As the film finally moves from the body shops and other pre-race preparations to race day itself, we're well into the last half of the film. It's a relief when Sutherland—who sounds as if he'd much rather be somewhere else instead of reading the narration—finally announces, "Okay, strap in and hold on, we're going racing!" Naturally, this is where the absent 3D presentation is most noticeable. While a few of the camera angles used are excellent, much of it doesn't vary much from what you'd see during a televised race. The use of rotating in-car cameras is commonplace today and gives weekly viewers great shots of a driver behind the wheel, or a competitor rumbling just inches off the rear bumper in the draft. The result is a feeling that we've seen this before. Even the Top Gun-on-wheels movie, Days of Thunder, sports some impressive on-track cinematography that adds to the been-there done-that feeling of this film. A good home theater may reproduce the cacophony of roaring engines and crisp visuals well enough, but the lack of 3D means that the racing itself—and let's face it, that's really what we want to see—underwhelms. The use of other camera techniques like fisheye lenses and aerial shots (a passing shot of a Goodyear blimp hovering over a racetrack is particularly notable) lose much of their luster as they move to the two-dimensional small screen.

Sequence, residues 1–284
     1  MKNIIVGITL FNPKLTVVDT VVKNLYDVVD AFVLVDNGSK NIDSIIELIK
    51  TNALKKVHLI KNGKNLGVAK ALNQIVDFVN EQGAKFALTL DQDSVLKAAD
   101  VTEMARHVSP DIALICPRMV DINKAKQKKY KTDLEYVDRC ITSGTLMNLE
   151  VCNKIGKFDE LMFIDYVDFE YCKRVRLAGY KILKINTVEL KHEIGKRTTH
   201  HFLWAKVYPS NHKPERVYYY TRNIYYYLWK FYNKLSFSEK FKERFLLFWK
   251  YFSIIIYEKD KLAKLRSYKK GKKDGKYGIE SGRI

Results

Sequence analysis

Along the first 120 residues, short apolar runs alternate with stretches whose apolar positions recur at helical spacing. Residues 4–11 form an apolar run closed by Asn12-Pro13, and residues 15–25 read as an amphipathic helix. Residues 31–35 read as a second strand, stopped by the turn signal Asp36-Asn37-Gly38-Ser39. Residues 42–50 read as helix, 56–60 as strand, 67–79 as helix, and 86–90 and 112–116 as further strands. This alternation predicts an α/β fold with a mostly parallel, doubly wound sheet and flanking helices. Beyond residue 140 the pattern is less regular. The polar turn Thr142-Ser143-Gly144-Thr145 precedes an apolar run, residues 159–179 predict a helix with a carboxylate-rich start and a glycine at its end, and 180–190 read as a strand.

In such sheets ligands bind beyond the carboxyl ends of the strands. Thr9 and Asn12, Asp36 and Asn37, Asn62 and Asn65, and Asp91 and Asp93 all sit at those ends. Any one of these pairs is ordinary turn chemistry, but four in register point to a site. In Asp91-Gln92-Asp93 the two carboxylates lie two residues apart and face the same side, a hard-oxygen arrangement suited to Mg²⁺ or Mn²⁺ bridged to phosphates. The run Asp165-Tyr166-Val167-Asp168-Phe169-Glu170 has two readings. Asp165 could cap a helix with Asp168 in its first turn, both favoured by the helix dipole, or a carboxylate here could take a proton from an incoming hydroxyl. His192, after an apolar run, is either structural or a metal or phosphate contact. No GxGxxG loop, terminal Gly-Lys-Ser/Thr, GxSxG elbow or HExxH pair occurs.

The Rebuttal Witnesses
I mentioned that NASCAR nuts will learn little they don't already know, but that doesn't mean the film is completely without its moments. Sutherland is armed with statistics out the wazoo, and you'll learn specifics regarding car and engine specifications, how much a tire costs, and the total payroll for an average team. Fans will enjoy the visits to places like "Garage Mahal" (Dale Earnhardt, Inc.) and the shops of team owners like Joe Gibbs (yes, the NFL football coach) and Jack Roush.
Even with the loss of the 3D presentation, some of the cinematography is spectacular. Cameras are mounted on the outside of a driver's door or on a rear bumper, giving views of a race you don't always see on network television. Perhaps most impressive is a flyover of F-16 fighter jets during pre-race ceremonies in the last half of the film. This shot features the camera mounted on one of the trailing jets as they scream over the racetrack and thousands of fans below; even on a small screen, it's impressive.
Technically, the presentation is flawless. Digitally mastered from the original 70mm film elements, the picture and sound are pristine. There's nary a fleck of debris, dirt, or scratches to be found, and the Dolby Digital sound brings the thundering engines, soaring jet flyovers, whirring air jacks, and the footfalls of scampering pit crews to crisp life. And where else can you hear the sizzling of grub on a grill—not once, but twice—in such detail?
The two extras are brief and, while not spectacular, are passable. "Driver Profiles" features various NASCAR drivers sharing their thoughts on speed, fear, and competition. "NASCAR's Closest Racing Moments" is the more enjoyable of the two extras. It showcases some of the closest, down-to-the-wire finishes in NASCAR history.
In the end, NASCAR—The IMAX Experience feels like a quick cash-in on the exploding popularity of the sport. I don't doubt that this film worked during its original theatrical release, but the IMAX experience glossed up what is really a bland, crammed summary of a sport that deserves better.
Guilty as charged. NASCAR aficionados are allowed conjugal visits in the infield trailer, while everyone else is advised to sit through repeated viewings of Days of Thunder until your eyes bleed. Court adjourned.